From the Office of State Senator Eddie Lucio, Jr., District 27
For Immediate Release
Wednesday, May 9, 2001
Contact: Doris Sanchez
Statement from Sen. Lucio on the A&M Bonfire Lawsuit Bill Voted Down in the House
AUSTIN, TX--Yesterday the House failed to approve House Joint Resolution 22, which would authorize a person to sue the state for damages for bodily injury or death sustained as a result of the Texas A&M bonfire tragedy and the Prairie View A&M van crash tragedy. Damages could not exceed $250,000 per person under this legislation. My proposal, Senate Joint Resolution, addresses the same issue, but does not include Prairie View A&M.
I was extremely disappointed and saddened to learn that HJR 22 did not make it out of the House. I had already indicated to Rep. Wilson, the author of the House measure, that I would pick it up in the Senate and that I was trying to get my bill re referred to the Finance Committee on which I sit because Sen. Bivins, who chairs the Senate Education Committee, would not give my SJR a hearing. It is the chair's prerogative.
I had planned to get the rules suspended for my bill to try to get it out before this Friday's deadline for all bills to get out of committee in the Senate. I wanted the members to debate this bill and I felt optimistic that the Senate would approve this legislation, especially because my SJR would not have allowed the cap to be lifted nor did it allow for punitive damages.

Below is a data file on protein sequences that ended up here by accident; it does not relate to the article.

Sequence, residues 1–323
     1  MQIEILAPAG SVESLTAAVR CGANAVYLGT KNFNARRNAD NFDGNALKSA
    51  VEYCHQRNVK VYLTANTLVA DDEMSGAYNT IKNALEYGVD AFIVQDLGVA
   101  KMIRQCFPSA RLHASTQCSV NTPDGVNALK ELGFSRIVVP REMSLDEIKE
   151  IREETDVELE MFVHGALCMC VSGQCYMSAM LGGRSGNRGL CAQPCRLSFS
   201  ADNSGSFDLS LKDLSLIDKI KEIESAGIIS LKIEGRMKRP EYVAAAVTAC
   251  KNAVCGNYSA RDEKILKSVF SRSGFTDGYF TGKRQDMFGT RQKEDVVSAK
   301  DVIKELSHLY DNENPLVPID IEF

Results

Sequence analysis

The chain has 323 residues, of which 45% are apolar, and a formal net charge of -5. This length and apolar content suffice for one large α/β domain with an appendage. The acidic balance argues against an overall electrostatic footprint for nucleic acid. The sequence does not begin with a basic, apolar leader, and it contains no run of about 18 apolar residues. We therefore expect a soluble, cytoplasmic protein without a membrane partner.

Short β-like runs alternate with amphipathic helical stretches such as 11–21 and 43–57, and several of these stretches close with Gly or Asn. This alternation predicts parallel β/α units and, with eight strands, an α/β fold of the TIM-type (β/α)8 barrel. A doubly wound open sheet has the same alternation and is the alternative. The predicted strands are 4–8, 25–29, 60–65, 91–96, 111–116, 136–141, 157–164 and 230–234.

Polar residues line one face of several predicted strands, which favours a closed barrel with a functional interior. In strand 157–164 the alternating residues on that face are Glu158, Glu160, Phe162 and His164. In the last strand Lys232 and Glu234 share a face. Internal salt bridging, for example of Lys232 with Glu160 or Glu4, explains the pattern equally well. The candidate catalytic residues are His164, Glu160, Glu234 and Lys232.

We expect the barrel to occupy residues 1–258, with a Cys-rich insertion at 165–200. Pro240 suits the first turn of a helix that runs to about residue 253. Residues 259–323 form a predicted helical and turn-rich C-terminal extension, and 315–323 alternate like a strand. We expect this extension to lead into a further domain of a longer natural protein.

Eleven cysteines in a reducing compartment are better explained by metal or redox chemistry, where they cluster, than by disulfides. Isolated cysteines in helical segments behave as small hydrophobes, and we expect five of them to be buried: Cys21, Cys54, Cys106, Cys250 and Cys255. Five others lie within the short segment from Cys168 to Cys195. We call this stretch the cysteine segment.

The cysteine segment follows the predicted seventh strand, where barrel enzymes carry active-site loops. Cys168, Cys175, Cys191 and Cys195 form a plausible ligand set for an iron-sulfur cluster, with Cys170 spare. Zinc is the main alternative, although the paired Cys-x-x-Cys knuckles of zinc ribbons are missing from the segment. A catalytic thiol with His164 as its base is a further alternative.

The tragedy that the families of the victims have experienced seems insurmountable because they won't even get their day in court, which I personally feel is the least the state should offer any citizen. If nothing else, their concerns needed to be aired out in a public forum, and I felt our judicial system would be the perfect and fairest arena to do this.
It was my privilege to meet with Mrs. Andrea Heard and Mrs. Jacki Self, both mothers who lost their sons, and my heart grieved for them. This is why I filed legislation to help in some manner to address their concerns over what I consider the greatest loss any parent could ever endure.
And in this case, it is a serious matter. These families expressed to me that they believe there was negligence involved, and they wanted to discuss the events of this terrible tragedy in an open forum--a court of law.
One of the students killed in the Bonfire lived in my district for four years. His roommate is one of my constituents, whose father happens to be a lawyer who is representing that family.